Most faculty members at NWTC already give money to the foundation. The percentage of those who give is really quite incredible.

As a specific outreach to a student in your program, however, I wonder if your team will consider creating your own scholarship. You pick the criteria for eligibility (Based on need? Based on grades within program classes? Based on another type of merit? Based on an essay?), the dollar amount, how often the funds are dispersed, etc. Then, some student in your program gets one step closer reaching their academic dream.

Not only is the Team Scholarship great for students, it is team-building as well. Discussions about creating and dispersing the scholarship are enriching, and serve as a constant reminder that in so many ways we are our student’s most important resource. It feels awfully good to remember that once in a while.

Accelerated Student Success–The Handy Checklist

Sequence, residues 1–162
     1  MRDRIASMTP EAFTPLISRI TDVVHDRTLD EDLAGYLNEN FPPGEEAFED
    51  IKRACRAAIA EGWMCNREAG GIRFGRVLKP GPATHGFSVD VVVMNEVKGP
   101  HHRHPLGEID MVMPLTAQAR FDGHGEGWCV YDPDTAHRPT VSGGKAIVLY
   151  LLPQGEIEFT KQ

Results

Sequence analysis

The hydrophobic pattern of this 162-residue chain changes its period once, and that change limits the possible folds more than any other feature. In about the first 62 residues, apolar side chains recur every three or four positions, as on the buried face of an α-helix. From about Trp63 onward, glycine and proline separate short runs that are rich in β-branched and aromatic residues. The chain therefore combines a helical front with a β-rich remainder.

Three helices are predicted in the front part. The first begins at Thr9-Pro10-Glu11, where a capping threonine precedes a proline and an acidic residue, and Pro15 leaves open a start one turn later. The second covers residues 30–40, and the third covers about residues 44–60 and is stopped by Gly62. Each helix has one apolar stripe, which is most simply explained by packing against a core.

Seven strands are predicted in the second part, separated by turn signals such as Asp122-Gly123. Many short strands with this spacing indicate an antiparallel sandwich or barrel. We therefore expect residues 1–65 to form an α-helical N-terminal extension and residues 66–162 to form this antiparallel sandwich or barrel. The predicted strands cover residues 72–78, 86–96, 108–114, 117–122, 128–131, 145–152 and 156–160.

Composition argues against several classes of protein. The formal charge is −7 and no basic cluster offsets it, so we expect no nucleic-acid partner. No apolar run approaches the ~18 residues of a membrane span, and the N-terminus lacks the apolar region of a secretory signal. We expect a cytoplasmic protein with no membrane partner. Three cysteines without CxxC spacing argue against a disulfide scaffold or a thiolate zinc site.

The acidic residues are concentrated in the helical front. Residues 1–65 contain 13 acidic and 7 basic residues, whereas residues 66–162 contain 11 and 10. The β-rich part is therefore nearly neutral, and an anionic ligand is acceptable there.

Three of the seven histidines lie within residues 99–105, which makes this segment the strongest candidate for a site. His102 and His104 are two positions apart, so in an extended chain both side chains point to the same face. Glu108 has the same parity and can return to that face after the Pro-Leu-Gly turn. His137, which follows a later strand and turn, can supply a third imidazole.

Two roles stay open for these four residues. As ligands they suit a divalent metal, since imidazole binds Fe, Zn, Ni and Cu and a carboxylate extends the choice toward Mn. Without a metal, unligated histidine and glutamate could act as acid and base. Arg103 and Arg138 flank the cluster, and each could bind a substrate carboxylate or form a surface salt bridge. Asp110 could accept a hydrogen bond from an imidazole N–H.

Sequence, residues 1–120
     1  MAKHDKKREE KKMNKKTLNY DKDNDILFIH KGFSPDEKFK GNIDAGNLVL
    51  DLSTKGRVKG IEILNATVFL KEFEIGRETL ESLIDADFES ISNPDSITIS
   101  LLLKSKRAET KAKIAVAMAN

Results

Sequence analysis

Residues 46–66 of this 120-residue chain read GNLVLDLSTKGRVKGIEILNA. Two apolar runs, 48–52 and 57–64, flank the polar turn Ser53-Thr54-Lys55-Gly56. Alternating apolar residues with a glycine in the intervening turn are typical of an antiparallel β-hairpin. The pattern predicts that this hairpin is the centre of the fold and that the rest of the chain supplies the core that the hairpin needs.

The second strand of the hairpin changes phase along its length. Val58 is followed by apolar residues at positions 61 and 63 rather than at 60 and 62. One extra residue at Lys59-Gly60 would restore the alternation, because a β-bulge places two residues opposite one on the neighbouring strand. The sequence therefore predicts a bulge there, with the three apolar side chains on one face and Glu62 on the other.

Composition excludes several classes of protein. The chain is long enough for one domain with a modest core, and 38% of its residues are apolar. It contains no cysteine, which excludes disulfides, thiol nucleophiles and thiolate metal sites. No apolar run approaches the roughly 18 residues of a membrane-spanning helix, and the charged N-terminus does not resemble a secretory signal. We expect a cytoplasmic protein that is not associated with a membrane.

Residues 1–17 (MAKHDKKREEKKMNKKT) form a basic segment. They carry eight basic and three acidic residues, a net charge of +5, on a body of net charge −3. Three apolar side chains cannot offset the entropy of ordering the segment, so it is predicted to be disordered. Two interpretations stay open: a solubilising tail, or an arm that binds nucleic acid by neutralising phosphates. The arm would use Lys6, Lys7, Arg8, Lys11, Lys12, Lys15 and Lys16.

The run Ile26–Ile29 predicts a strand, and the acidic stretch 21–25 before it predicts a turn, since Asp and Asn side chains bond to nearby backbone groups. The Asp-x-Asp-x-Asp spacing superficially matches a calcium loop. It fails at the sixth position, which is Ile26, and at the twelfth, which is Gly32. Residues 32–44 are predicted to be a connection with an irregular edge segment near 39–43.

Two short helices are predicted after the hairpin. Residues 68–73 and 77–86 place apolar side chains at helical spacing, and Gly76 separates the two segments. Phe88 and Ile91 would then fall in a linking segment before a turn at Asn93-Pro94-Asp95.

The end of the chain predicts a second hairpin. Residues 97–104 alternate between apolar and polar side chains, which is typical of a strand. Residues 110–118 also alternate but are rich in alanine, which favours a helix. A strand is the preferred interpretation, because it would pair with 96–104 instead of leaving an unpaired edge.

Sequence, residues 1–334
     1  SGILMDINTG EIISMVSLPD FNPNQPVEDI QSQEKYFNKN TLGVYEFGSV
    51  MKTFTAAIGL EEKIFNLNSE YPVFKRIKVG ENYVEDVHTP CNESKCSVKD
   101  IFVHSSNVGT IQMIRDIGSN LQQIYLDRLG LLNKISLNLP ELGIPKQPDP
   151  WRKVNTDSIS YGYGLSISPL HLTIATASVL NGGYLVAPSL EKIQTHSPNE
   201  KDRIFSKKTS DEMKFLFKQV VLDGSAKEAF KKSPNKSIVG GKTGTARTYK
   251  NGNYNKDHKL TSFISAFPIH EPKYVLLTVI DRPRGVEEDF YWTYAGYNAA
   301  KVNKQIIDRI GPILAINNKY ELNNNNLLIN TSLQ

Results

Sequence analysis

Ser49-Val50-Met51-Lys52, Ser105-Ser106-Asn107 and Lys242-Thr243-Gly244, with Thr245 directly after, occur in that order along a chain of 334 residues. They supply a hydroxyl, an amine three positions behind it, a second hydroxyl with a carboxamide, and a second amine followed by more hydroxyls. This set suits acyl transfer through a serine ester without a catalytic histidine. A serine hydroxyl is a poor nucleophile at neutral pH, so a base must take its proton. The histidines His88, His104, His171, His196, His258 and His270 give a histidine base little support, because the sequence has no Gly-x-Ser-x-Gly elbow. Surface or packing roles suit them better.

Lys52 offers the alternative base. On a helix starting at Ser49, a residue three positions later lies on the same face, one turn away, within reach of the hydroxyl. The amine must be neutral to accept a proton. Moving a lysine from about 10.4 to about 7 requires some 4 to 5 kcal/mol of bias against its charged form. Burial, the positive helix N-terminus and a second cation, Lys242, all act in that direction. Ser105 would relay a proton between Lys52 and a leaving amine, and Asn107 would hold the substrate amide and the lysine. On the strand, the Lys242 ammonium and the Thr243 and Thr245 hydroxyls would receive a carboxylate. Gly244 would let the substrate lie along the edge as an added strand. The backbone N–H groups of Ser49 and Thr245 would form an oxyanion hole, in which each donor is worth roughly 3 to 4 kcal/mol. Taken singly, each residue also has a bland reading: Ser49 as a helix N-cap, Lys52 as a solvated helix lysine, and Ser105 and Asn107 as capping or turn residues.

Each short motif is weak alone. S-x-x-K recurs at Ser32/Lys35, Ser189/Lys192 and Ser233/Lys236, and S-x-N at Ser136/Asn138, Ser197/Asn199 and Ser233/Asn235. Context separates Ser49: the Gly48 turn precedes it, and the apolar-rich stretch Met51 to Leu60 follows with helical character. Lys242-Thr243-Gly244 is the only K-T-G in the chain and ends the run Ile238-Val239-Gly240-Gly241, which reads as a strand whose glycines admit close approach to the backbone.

When packing 15 weeks of content into a 7-week package, the average student in an accelerated course may need some extra help now and then remembering what items remain on their plate. While the syllabus offers the course calender with due dates, an additional assignment checklist may be just the ticket for instructors seeking quality resources for their learners.

The checklist below (Formatting looks much different outside of this document) is a very basic tool that I use for accelerated English Composition courses. While it may seem obvious or elementary, I have found that many students have noted value in it. Basic checklists such as this help students to visualize the finish line. They also feel an almost constant gratification and sense of accomplishment because they are so regularly checking items off of the list (in the actual document, there are check-off boxes to the left of each assignment rather than bullet points). It really feels good to make that check mark, and see the “To Do” list dwindle.